Cycling can change your life

If biking was your mode of freedom as a kid, but after you got your driver’s license, it rarely saw the light of day again. That’s a shame because riding a bike as an adult brings back all those feelings of happiness and freedom plus these mind-blowing grown-up benefits.

Pedaling feels better than pounding

You can’t beat running or high-intensity training for torching calories, but they can be pretty rough on the joints. Biking is a lower impact activity that is much easier because there is a lot less pounding and stress on the joints. Hoping on a bicycle doesn’t mean you’re slacking off getting a good cardio workout. For a person weighing 150 pounds, about 575 calories are burned in an hour pedaling a moderate 13 mph.

Bike to boost your brain power

A study showed healthy men who rode a stationary bike for 30 minutes at a moderate intensity scored higher on memory, reasoning and planning tests. Besides, they also were able to complete the task faster stated the Journal of Clinical and Diagnostic Research. Ladies, I’m sure the results would be similar (or better) in the same test situation.

Cyclists are the happiest commuters

Researchers at Clemson University looked at how people felt during travel using various modes of transportation. Happiness, pain, stress, sadness, and fatigue were traits many commuters experienced. Researchers found people who rode their bikes to have the best mood compared to any other form of transportation. No doubt, the endorphins released after cycling for 30 minutes helped a lot too.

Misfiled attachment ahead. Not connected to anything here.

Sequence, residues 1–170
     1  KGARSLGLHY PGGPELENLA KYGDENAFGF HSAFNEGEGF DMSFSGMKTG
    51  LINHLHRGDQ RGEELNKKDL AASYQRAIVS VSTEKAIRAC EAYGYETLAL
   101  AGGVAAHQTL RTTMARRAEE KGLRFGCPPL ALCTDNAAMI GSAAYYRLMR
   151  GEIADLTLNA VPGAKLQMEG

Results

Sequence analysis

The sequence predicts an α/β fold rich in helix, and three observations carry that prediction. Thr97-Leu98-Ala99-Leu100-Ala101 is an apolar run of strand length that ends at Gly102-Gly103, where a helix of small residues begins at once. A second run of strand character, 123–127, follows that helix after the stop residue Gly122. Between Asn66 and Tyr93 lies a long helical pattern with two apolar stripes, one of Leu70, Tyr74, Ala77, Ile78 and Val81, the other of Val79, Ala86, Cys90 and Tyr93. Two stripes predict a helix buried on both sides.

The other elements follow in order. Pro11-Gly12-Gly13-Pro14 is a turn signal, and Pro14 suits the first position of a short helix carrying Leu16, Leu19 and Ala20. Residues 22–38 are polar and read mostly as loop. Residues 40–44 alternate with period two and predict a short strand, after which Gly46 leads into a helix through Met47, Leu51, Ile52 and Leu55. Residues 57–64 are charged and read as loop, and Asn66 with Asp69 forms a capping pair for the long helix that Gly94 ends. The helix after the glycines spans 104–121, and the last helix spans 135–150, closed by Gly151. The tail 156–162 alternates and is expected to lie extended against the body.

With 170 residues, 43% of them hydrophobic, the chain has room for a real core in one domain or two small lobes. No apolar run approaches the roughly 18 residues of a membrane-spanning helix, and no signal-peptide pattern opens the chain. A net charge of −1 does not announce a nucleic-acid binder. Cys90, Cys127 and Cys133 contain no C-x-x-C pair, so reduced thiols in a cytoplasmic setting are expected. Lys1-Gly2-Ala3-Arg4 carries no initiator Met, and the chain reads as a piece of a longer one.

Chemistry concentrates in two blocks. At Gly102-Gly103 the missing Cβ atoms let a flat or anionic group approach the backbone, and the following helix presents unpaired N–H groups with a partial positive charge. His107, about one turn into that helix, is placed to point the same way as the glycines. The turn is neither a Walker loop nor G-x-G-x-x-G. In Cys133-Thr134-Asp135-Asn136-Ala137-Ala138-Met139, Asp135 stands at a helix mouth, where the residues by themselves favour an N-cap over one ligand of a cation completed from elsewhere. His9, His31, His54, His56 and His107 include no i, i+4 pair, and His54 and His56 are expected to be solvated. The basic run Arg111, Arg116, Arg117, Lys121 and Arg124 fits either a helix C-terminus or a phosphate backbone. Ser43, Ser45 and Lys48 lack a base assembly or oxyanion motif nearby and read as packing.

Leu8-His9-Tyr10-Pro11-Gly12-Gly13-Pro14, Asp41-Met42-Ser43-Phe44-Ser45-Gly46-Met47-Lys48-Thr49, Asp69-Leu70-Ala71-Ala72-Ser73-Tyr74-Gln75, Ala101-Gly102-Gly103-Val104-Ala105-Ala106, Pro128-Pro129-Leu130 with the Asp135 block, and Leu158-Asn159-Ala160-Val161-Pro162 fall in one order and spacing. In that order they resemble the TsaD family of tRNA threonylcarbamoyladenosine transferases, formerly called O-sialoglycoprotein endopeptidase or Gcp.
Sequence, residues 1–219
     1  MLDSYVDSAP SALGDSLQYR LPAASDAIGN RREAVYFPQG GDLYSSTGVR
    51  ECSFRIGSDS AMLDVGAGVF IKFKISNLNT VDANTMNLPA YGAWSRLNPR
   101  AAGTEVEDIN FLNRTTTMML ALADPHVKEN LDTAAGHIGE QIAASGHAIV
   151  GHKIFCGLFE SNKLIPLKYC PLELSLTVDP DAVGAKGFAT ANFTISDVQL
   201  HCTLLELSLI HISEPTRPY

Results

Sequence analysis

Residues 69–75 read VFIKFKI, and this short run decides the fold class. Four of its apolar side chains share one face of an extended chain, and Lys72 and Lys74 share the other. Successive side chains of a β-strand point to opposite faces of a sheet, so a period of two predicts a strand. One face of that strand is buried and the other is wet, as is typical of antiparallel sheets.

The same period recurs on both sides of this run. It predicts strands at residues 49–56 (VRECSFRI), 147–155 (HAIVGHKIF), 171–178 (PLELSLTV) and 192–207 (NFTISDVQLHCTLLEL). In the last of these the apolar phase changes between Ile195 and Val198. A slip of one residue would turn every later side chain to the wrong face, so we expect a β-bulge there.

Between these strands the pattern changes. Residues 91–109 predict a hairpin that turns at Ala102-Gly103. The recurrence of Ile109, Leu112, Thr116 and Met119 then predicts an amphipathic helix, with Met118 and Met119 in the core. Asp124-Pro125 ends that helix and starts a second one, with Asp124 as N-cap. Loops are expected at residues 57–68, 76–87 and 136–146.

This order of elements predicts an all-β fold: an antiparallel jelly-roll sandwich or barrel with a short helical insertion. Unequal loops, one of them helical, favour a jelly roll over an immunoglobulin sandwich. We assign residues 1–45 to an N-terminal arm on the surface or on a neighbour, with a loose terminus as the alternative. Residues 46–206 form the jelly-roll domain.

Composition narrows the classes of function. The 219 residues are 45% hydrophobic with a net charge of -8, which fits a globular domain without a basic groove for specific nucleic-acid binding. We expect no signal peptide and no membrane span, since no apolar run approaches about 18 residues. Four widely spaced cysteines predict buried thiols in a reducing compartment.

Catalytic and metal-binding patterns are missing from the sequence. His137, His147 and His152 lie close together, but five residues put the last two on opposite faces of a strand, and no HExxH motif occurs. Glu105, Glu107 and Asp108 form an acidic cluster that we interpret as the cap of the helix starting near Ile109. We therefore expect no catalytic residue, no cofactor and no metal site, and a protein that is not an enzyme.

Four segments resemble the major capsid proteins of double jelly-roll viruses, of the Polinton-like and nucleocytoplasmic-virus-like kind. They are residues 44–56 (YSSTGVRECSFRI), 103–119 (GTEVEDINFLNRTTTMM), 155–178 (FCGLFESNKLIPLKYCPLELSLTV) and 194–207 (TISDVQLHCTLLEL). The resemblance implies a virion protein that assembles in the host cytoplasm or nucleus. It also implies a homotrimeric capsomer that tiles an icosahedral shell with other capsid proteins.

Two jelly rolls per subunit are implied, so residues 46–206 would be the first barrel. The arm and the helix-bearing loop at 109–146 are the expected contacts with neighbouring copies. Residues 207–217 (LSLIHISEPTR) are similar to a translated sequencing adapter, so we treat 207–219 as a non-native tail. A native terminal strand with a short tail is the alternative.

Bicycle into sleepy town

Researchers at Stanford UniversitySchool of Medicine asked insomniacs who didn’t exercise to bike for 20 to 30 minutes every other day. They discovered the time it took the insomniacs to fall asleep was cut in half, increasing sleep time by about an hour. Riding a bike outside nudges your circadian rhythm back in sync and kicks cortisol (stress hormone) to the curb to help you get quality sleep.

Size up your ride

You can’t take advantage of all that cycling has to offer if you feel uncomfortable when you ride. The best way to get an ideal bike for your body type is to visit a bike store with a knowledgeable staff (people who bike more than they walk). But if you have a bike and it doesn’t feel quite right take a look at three essential components—seat height, saddle position and the handlebar.

Your heel should barely touch the pedal at the bottom of the pedal rotation for ideal seat height. If your nether regions are going numb it could be the saddle position isn’t dialed in correctly. Adjust the saddle by moving it forward or backward to find the sweet spot. Finally, the handlebar reach (the distance from the saddle to the handlebar) should be comfy. Your elbows should bend slightly when your hands are on the handlebars.

Never ride without a helmet

Play it safe and wear a helmet. Helmets are only cumbersome and uncomfortable when they are the wrong size or style for your head. A well-fitted helmet is worth the splurge and could save your noggin. According to the National Safety Council, you’ll reduce your risk of head injury by a whopping 60 percent and brain injury by 58 percent when you wear a helmet. 

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